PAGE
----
As it seeks to keep its troubled shipping loans from sinking it, NordLB has thrown out a lifeline to private banking house M.M. Warburg to take over its asset management business. The two will merge their investment operations under Warburg’s control, becoming with €34 billion ($42 billion) under management one of the largest asset managers in northern Germany.
The partnership will give NordLB executives one less thing to worry about as they focus on turning around a bank that nearly foundered under its nonperforming shipping loans. NordLB, headquartered in Hanover, reported a €1.96 billion loss for 2016, but said in November it has returned to profitability. It whittled down its shipping loan portfolio to €13 billion by the end of 2017 and expects to reduce it to €10 billion in the medium term.
NordLB is one of the Landesbanks that have chronically run into trouble since they expanded beyond their original functions as banker to state governments and clearing banks for regional savings banks. They have struggled to attract top-notch staff and find the best customers.
NordLB customers will be offered an even broader range of products and services. Hinrich Holm, deputy chief executive, NordLB
The venture is a coup for Warburg, which traces its origin to 1798 and is one of the oldest private banking houses still in operation. The Hamburg-based bank was Aryanized during the Nazi period and reclaimed its name and ownership after the war under family scions.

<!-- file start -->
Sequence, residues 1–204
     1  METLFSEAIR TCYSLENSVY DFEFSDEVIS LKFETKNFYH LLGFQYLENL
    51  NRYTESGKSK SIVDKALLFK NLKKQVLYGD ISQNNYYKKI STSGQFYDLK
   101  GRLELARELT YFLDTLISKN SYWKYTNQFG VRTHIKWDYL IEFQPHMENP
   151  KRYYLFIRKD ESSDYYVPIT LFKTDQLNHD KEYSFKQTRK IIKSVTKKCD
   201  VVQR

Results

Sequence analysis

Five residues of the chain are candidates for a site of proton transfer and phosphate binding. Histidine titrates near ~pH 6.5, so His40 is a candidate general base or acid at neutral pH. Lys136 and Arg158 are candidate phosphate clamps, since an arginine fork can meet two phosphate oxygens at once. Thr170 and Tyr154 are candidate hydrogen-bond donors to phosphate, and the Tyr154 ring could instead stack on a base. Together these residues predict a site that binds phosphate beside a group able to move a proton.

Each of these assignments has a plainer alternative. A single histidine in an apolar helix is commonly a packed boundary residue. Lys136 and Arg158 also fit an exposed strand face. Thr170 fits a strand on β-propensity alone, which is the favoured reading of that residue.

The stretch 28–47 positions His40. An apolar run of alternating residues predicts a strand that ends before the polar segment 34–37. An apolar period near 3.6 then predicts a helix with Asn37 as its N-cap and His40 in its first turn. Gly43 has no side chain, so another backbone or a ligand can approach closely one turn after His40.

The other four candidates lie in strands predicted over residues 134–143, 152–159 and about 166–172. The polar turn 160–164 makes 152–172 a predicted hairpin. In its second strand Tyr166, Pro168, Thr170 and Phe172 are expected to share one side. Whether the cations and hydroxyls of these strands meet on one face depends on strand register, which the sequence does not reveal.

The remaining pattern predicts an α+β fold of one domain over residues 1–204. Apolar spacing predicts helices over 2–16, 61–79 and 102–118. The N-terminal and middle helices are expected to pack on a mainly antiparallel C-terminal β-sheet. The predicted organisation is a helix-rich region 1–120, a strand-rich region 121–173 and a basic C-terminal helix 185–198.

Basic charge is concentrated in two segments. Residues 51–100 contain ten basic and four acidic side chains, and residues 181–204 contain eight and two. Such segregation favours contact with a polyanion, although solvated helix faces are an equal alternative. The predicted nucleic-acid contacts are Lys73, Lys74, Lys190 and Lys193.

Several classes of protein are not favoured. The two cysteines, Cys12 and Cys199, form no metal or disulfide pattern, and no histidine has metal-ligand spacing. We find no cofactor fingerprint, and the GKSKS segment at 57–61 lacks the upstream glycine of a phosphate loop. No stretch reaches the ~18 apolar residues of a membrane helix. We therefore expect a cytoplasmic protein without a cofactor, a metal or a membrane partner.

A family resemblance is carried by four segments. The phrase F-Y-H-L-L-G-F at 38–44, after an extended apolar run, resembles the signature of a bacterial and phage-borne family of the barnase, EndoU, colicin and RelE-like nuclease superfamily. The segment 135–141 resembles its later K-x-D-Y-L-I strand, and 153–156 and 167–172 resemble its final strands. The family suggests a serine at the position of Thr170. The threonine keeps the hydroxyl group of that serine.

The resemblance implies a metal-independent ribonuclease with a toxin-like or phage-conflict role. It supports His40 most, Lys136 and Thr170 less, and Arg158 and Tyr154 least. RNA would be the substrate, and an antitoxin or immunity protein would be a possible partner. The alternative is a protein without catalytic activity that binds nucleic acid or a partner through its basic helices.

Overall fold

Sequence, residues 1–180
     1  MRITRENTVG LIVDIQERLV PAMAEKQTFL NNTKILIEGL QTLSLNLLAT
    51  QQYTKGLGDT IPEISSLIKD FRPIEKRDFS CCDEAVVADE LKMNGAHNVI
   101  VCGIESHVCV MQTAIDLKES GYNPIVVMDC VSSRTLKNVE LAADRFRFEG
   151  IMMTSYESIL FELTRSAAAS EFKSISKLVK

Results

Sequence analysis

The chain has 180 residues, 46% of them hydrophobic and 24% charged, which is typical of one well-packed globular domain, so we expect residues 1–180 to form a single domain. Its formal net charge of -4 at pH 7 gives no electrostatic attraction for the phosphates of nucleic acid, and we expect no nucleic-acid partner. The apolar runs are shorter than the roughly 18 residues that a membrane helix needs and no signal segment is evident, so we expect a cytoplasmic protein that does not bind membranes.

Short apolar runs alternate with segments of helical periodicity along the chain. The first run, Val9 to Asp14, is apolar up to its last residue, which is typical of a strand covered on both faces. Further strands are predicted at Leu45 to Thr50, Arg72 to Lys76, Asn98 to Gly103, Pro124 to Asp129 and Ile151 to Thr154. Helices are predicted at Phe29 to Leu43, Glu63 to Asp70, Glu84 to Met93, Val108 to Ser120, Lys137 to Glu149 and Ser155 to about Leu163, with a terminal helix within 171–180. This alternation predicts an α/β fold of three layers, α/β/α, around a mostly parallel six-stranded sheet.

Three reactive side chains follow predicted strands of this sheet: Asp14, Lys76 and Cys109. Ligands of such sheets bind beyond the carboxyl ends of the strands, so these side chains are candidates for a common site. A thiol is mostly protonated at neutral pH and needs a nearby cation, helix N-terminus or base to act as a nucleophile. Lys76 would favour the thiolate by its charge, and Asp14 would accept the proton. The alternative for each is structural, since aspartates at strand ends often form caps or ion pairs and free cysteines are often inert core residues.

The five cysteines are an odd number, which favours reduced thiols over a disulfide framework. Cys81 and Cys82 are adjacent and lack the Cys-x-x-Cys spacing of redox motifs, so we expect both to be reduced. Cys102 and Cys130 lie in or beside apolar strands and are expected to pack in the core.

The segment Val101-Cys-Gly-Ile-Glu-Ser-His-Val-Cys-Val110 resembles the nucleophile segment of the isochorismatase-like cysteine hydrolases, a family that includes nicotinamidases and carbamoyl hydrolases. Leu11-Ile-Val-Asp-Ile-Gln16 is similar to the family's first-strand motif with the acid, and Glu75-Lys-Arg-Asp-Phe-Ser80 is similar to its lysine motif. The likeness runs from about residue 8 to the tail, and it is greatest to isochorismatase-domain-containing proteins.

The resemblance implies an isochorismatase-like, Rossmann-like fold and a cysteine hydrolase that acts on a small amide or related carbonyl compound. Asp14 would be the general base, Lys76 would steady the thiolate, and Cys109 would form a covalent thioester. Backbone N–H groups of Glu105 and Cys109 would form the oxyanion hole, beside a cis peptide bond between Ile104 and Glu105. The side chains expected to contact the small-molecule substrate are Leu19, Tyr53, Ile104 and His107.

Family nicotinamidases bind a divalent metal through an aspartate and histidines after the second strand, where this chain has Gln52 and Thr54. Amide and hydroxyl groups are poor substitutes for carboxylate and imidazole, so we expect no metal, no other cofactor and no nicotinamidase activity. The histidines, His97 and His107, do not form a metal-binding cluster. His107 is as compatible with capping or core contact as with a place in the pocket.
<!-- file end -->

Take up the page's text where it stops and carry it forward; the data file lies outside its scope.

“Alongside our two core business fields private banking and investment banking, we want to further strengthen our successful performance in asset management and continue our focus on the German market here,” Warburg partner Joachim Olearius said in a statement.
Warburg said last month that its asset management operations outperformed its benchmarks in every sector in 2017 through carefully calculated if aggressive positioning. The most dynamic fund, with an 80 percent share in equities, returned 11.4 percent compared to 6.32 percent for the benchmark. Even its most conservative portfolio, with just a 20-percent equity share, returned 5.38 percent, ahead of 2.33 percent for the benchmark.
“With Warburg, we have a highly professional partner in asset management at our side,” Hinrich Holm, deputy chief executive at NordLB, said. “NordLB customers will be offered an even broader range of products and services.”
Warburg will hold 75.1 percent of the new joint venture, giving it virtually complete management control, with NordLB holding the rest. For NordLB, the spinoff is part of its “One Bank” program to streamline its structure and focus on core operations. Last year, NordLB merged its Bremer Landesbank subsidiary into the parent bank.
The asset management joint venture is subject to regulatory approval. Financial details were not disclosed.
Darrell Delamaide is a writer and editor for Handelsblatt Global in Washington, DC. To contact the author: [email protected].